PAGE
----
It took me a long while to be able to get to the point where I could say with conviction born from experience that I’m this self, this reality. On paper it makes complete sense; but to actually know it as the truth of one’s existence requires investigation. In this way, science and spirituality can’t be sundered: they have to be taken together. If one can merge the two to the degree that one’s science becomes spiritual and one’s spirituality becomes scientific, you’ve got the perfect balance – so long as the end goal is full realisation of the non-dual truth (i.e. no sneaking off into intellectual or emotional cul-de-sacs). This is really what it’s always been about. You can look to Hindu yogis, Taoist sages, the priests of ancient Egypt or the old Hermeticists, you always find the same kind of attitude: unflinching investigation into truth through whatever avenues are available, which almost always comes to an investigation into the ground of one’s own being – for what can be true other than that which is fundamentally true for oneself? If it were true for half the universe but not the other half, there’d have to be a yet deeper truth that were true for all. This truth is the truth that is mutually binding; for everyone, this truth is the same.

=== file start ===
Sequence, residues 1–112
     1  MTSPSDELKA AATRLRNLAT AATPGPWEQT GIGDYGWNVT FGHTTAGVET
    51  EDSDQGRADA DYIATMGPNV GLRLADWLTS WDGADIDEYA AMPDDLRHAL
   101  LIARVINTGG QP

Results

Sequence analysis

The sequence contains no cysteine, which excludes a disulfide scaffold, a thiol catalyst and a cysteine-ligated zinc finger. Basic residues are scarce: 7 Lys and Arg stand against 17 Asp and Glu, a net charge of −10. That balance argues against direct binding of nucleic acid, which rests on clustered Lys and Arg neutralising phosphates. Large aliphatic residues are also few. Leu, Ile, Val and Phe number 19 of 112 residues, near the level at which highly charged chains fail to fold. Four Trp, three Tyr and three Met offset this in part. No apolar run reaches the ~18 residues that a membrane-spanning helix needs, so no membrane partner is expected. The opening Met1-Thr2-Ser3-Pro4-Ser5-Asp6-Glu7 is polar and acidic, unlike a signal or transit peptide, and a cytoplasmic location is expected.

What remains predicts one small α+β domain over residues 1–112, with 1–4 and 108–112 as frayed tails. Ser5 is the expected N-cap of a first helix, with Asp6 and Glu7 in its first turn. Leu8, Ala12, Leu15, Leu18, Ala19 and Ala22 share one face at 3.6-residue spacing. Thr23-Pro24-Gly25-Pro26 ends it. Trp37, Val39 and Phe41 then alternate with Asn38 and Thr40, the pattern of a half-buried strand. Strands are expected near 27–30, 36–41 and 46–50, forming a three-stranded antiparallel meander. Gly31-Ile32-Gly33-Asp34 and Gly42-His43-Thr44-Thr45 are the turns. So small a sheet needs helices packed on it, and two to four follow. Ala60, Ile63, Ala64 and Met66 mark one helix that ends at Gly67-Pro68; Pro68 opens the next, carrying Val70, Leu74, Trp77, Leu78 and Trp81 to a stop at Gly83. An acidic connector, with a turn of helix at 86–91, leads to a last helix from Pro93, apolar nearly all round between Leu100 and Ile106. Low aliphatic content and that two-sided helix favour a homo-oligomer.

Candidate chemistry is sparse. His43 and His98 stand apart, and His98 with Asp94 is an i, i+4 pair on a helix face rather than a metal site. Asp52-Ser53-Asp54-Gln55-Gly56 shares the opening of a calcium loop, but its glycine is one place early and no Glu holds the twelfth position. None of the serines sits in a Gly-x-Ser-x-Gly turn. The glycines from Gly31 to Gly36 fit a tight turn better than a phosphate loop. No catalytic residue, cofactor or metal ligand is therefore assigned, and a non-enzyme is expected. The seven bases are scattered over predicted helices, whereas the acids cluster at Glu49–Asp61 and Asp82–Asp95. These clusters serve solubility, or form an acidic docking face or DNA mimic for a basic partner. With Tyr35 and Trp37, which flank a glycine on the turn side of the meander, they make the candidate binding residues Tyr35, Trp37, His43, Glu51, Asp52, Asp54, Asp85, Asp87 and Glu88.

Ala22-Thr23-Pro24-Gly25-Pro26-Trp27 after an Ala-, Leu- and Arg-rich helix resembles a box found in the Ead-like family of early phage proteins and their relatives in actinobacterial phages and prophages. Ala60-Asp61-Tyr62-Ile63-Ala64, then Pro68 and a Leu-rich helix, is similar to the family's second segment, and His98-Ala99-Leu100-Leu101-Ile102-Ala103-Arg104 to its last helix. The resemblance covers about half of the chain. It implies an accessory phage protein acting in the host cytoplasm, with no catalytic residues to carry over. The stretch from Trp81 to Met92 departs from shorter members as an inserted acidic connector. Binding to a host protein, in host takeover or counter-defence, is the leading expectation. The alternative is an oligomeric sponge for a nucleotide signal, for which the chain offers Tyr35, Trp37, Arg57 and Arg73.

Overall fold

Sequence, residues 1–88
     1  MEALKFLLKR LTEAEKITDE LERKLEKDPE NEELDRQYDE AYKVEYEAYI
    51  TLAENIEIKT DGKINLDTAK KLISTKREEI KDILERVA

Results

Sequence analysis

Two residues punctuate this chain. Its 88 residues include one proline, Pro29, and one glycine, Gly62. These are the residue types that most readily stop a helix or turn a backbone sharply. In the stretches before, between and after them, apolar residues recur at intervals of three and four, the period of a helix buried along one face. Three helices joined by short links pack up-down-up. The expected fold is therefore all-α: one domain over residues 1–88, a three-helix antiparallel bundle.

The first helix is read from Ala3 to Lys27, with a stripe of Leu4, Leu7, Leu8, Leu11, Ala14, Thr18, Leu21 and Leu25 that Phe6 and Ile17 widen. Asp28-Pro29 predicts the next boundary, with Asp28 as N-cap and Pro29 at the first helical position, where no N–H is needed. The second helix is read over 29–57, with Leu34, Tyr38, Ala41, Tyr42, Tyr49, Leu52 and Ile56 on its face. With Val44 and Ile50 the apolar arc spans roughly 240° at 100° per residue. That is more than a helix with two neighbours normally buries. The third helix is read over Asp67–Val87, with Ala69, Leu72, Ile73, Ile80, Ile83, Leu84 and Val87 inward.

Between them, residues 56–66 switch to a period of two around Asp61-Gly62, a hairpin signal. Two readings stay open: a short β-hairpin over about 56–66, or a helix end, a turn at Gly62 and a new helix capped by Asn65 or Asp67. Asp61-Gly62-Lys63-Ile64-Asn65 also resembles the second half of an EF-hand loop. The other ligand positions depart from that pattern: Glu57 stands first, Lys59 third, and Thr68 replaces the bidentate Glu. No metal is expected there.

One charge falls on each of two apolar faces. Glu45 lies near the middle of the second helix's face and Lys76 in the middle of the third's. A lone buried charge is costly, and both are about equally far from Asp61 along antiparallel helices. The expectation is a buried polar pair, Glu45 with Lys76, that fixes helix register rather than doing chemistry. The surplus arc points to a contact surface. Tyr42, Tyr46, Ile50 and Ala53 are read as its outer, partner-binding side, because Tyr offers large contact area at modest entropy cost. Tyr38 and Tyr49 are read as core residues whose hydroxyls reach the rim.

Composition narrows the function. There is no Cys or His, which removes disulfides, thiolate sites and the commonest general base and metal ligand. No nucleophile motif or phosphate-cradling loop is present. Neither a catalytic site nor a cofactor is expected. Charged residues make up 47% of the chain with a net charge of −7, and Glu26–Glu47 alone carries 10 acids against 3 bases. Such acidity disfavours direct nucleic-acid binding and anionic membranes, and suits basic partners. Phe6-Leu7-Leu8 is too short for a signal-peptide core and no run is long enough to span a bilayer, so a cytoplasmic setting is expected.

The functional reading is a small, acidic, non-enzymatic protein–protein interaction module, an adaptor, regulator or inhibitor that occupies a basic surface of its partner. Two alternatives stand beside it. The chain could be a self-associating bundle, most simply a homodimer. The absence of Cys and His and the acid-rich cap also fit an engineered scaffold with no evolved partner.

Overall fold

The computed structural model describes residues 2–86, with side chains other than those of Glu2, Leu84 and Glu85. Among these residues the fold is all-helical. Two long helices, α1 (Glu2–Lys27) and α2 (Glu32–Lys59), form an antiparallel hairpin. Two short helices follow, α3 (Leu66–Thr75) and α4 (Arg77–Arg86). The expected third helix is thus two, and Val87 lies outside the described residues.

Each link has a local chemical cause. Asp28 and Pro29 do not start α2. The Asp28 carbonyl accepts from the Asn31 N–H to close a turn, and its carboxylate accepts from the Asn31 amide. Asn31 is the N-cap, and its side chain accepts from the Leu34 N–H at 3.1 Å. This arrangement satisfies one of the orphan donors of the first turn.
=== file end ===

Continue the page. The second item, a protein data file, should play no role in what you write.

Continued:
No matter the vehicle by which one comes to it, one eventually has to come to this. So I took raw spirituality, completely stripped down, but I know that the Hermeticists found it in great part by investigating – scientifically – the universe’s mechanics, the “mind of God” as they called it (and these guys were Pagans from Christ’s time – our modern scientific method comes from them). Einstein was a figure of similar bent – indeed, many are the scientists who’ve been drawn by their work into deep internal stillness and silence, such that the unspeakable truth of the thing can be known intuitively. Others come to this realisation through intense devotion to their chosen image of God or the Goddess, or through other modes of religion and worship. Infinite are the paths, in essence one, to one goal, the nature of which is oneself. The one thing which makes or breaks the journey is one’s dedication to the truth. This is supposedly the underlining aspect of both spirituality and science; really, they must be sides of one coin: one focuses on the outer, the other on the inner. When the two begin to reflect each other, we’ve begun to reckon the mystery. Now only wordless contemplation will suffice.

            (Sorry, went on a bit of a rant there – one of those mornings fit to burst with energy!)

  9. PeterJ says:

    It’s been quite a week. At the start of it I discovered that for the modern Druid consciousness would be God. Now Odin is turning out to be translatable into an Upanishadic symbol, Where will it all end?

    I would also be interested to hear more about the practices.